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Getting Bratty over Bratz

The first time I heard of a Bratz doll, I was in college. I said I would never let my potential future daughter have any scantily clad doll wearing far too much makeup with a name that promotes bad behavior, and I still feel that way now. But I also figured that there was no way society would stand for such a product, and I was sure there would be no Bratz dolls for me to worry about with my future daughter.

Bratz dolls from 2010

Bratz dolls from 2010 (Photo credit: Wikipedia)

Fast forward to now, and I’m the mother of a wonderful 5-year-old daughter. Somehow, society has not blacklisted Bratz dolls. In fact, now there are even Bratz movies, video games, a TV series. And yesterday, as Carlene and I were leaving the grocery store, what should she see at eye level but a Bratz movie in a Redbox. “Oh, Mommy, Mommy, can I get THAT movie?!” Upon seeing what she was requesting, I’m pretty sure my eyes actually did bug out of my head. I couldn’t say NO fast enough. Which then caused me to have a very upset daughter. Oh well. I still feel strongly that I will not let her have these toys in her life.

These dolls wear more makeup than I’ve ever owned. Their clothing definitely doesn’t meet usual dress code requirements.  I’m fairly certain that if a girl actually wore such an outfit in real life, she wouldn’t be able to successfully sit down and maintain any sort of modesty. The tag line with these dolls is fashion. This is NOT childhood fashion! I mean, maybe if you are 22 and heading to a club. Go for it. But I’m pretty sure 22 year olds aren’t looking to Bratz dolls for fashion advice.  In fact, the Manufacturer’s Suggested Age is 6 & up. I can’t help but wonder if those running this company (MGA Entertainment) have children, and if they let their children play with these dolls.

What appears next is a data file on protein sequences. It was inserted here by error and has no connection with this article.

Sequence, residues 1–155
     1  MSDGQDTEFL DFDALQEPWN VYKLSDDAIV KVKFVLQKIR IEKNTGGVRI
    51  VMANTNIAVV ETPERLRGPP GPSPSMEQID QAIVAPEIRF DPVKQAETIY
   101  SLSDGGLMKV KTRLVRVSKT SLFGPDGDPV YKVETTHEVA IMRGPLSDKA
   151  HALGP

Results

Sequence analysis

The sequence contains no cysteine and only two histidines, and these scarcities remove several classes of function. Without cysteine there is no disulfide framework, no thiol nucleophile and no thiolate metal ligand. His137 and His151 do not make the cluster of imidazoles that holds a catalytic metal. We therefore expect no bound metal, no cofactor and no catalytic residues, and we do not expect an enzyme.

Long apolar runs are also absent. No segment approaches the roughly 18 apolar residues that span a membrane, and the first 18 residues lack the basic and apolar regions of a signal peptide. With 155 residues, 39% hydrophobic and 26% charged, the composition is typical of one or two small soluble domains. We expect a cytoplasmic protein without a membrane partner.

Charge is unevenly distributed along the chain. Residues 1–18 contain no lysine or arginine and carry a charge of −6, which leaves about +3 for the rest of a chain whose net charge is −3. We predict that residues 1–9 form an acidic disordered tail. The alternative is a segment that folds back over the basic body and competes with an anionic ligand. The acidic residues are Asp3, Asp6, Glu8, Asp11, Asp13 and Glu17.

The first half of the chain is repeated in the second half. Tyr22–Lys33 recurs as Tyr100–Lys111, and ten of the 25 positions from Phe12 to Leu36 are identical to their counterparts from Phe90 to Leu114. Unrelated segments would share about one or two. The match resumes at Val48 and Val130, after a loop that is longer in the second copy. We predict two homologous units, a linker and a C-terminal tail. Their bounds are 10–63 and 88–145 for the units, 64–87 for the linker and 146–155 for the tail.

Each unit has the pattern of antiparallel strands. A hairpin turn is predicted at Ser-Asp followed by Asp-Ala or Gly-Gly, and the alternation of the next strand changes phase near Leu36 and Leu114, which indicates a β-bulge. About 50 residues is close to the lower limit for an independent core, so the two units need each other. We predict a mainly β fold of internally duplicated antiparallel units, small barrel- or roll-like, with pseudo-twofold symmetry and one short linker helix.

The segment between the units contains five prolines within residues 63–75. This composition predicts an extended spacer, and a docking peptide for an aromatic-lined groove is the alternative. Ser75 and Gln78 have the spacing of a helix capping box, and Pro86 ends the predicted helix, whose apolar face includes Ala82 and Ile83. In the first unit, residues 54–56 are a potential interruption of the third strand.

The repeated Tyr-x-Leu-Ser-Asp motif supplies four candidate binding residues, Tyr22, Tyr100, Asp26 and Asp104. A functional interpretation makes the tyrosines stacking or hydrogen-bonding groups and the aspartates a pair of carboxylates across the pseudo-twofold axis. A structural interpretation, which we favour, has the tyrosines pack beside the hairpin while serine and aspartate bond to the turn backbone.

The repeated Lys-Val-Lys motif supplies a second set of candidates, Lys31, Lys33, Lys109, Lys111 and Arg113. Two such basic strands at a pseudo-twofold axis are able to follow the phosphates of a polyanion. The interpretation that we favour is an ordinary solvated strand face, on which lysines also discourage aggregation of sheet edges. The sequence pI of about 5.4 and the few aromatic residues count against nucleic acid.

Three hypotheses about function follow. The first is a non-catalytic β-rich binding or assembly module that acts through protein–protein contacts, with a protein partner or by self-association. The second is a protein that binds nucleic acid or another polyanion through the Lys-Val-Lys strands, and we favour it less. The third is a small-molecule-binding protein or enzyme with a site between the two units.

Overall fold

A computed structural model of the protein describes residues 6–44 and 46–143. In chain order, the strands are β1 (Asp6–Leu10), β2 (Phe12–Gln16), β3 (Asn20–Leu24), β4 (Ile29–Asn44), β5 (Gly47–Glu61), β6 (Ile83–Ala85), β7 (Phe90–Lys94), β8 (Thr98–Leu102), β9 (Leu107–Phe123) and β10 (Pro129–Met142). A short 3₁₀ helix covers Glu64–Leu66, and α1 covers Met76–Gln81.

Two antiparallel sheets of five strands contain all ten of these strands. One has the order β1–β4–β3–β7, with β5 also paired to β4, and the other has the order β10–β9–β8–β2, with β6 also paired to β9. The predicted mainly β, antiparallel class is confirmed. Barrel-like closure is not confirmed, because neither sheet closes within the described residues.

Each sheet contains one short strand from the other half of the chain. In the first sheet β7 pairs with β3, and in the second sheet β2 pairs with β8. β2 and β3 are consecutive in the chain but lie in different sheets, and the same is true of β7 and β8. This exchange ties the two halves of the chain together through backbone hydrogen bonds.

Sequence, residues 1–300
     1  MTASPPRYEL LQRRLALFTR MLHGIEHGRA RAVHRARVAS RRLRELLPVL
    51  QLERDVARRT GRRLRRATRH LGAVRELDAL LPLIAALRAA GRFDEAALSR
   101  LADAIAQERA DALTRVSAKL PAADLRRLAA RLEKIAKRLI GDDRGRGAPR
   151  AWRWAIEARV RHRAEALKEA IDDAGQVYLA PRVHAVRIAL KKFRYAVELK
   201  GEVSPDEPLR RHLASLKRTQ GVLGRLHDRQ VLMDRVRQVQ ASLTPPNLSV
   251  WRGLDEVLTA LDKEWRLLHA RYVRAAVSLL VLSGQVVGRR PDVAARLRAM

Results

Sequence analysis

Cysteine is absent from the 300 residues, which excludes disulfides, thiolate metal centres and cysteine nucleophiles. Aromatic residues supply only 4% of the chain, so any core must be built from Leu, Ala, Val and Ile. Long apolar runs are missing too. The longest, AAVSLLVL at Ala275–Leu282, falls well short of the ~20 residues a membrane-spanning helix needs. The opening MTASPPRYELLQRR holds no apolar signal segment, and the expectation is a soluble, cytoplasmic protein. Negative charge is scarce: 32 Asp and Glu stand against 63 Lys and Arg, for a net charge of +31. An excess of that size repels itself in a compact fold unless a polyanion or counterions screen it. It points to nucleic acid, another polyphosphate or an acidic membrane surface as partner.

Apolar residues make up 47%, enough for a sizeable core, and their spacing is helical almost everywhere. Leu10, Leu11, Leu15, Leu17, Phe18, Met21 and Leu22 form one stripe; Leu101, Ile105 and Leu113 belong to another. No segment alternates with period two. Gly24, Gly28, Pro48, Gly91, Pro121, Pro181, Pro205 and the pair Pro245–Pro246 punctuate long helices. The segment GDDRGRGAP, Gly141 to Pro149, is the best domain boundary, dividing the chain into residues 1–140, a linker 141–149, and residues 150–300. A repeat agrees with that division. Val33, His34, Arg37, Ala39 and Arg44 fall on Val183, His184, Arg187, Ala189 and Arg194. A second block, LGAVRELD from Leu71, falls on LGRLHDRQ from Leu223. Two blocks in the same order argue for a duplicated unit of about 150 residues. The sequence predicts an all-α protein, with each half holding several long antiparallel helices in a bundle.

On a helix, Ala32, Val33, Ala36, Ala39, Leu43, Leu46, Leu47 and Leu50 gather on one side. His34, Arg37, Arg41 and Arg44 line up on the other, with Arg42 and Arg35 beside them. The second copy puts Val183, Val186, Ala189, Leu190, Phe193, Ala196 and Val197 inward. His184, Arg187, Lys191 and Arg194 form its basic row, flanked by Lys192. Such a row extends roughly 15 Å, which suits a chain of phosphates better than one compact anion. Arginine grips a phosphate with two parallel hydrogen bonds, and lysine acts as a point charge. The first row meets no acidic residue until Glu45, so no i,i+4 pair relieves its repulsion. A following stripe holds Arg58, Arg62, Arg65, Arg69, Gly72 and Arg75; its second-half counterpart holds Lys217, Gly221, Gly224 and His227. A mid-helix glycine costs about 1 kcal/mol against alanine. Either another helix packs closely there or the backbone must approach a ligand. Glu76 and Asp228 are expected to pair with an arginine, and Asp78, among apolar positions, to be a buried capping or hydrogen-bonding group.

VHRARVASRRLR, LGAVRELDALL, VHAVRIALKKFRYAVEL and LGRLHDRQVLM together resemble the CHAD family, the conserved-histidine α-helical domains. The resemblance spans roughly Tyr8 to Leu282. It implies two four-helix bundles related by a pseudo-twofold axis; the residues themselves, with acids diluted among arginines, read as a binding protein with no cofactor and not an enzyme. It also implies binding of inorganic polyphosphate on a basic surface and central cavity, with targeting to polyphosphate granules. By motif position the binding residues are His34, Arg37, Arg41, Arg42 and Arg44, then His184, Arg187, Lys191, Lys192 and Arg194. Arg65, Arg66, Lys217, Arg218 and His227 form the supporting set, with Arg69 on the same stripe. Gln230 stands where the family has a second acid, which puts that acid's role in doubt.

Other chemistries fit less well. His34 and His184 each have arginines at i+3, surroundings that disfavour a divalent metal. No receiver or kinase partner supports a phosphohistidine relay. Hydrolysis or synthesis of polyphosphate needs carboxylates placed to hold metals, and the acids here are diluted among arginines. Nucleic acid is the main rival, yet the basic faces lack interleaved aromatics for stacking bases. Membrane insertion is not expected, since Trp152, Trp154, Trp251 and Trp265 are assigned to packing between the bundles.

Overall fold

I’m ready for the judgment.  “But I bet your daughter has Barbies.” Yes, she does. Quite a few. I too owned Barbies. She dresses with more class, and she wears proper shades of lipstick. And at least Barbie has some life aspirations. She wants to be a veterinarian, an astronaut, a teacher.  What sort of aspirations do these Bratz dolls reflect?

I’m no radical who thinks the world will ruin my children. They watch their fair share of cartoons, I don’t always adhere to age suggestions on toys. But WHY would we want our kids to have anything that contains the word “Brat?”  And to top it off, MGA Entertainment didn’t even spell the word “Brats” right! Yes, let’s spell it with a Z so we’re also teaching our children bad grammar!

Let it be known that I’m not judging any parent who has let their child have these dolls or movies. We’re all just trying to do our best here. But I’m all about open discussion, and I’d really love to hear what sparked it. Was it a gift? Did you find it harmless? Do you think I’m overreacting? Trust me, you won’t offend me, and I have no intention of offending you.

I know I’ve got at least 3 more years of Bratz doll avoidance ahead of me. Wish me luck.